Cultural Revolutions

Babes in Arms

U.S. military veterans know firsthand that putting women close to the front lines is not only idiotic but perverse.  Yet that’s been U.S. policy for more than 30 years.  Previously, women served in support roles far behind the front lines.  The only exceptions were some registered nurses, following the tradition of their noble forerunner, Florence Nightingale, in the Crimean War.

In the Vietnam War, more than 58,000 U.S. troops died, but only eight were military women, all nurses: Two died of natural causes, one from shrapnel, and five from aircraft crashes.  By contrast, in the ongoing Iraq war, about 4,400 U.S. troops have been killed, including about 110 women, more than in any other American war.  In the ongoing war in Afghanistan, about 1,400 troops have been killed, including 24 women.  Few in either conflict have been nurses.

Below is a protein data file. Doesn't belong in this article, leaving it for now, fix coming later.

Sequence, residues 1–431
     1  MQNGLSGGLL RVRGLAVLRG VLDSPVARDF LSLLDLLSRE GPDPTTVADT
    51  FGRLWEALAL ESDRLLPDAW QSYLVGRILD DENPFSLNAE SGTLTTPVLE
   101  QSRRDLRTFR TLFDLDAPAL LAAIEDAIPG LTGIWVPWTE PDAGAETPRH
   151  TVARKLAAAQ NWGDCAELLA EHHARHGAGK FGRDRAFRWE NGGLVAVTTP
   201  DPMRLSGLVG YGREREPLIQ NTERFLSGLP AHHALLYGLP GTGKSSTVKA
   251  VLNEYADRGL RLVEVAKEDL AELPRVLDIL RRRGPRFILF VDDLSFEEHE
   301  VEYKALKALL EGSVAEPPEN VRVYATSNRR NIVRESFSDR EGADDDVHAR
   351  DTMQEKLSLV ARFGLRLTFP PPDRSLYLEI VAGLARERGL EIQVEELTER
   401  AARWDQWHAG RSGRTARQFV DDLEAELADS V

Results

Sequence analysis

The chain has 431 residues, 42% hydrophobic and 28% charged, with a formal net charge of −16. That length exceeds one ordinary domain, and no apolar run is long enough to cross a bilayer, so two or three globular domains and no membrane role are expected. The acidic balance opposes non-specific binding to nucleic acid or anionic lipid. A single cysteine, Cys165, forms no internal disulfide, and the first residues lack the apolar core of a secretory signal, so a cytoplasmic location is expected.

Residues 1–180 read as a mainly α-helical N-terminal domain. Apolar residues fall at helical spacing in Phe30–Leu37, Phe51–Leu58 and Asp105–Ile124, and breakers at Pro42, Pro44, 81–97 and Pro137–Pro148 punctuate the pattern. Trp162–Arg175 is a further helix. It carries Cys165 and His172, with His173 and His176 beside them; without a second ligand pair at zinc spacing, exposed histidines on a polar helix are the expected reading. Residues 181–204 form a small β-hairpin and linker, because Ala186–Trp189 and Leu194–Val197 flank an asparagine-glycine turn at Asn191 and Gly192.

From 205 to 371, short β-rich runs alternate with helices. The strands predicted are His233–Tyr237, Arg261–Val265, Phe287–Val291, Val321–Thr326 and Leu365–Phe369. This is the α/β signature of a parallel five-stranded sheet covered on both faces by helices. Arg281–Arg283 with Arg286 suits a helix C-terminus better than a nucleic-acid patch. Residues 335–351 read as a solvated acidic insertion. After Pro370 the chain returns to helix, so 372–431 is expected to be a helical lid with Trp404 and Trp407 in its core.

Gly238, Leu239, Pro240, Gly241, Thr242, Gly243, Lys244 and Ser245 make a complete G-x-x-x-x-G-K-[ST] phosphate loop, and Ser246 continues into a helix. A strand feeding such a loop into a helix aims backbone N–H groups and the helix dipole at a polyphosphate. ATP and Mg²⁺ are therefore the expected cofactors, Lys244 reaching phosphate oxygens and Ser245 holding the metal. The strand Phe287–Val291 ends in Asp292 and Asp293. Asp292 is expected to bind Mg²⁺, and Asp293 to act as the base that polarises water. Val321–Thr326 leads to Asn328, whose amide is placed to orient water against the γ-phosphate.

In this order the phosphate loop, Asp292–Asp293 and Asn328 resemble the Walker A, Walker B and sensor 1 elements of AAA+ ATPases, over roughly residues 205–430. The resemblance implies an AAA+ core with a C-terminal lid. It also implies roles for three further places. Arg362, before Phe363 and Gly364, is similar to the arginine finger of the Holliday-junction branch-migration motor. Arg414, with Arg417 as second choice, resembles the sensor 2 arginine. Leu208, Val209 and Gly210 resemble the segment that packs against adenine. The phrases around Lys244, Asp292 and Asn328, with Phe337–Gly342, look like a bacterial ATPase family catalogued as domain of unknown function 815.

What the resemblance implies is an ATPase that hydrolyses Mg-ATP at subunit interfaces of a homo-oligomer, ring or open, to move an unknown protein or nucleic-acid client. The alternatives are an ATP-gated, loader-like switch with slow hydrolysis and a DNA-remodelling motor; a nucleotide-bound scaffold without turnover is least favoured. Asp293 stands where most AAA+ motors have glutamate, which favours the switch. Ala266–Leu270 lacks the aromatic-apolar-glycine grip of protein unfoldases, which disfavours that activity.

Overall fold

In January, the Military Leadership Diversity Commission recommended that girls also be sent directly into combat.  (The new action came on the heels of the outgoing Democratic Congress’s vote to end Don’t Ask, Don’t Tell, allowing open homosexuals to serve.)  Defense Secretary Robert Gates said he expects women will serve even in the Green Berets and other elite combat units.  The report found that “The Armed Forces have not yet succeeded in developing leaders who are as diverse as the nation they serve.  Minorities...

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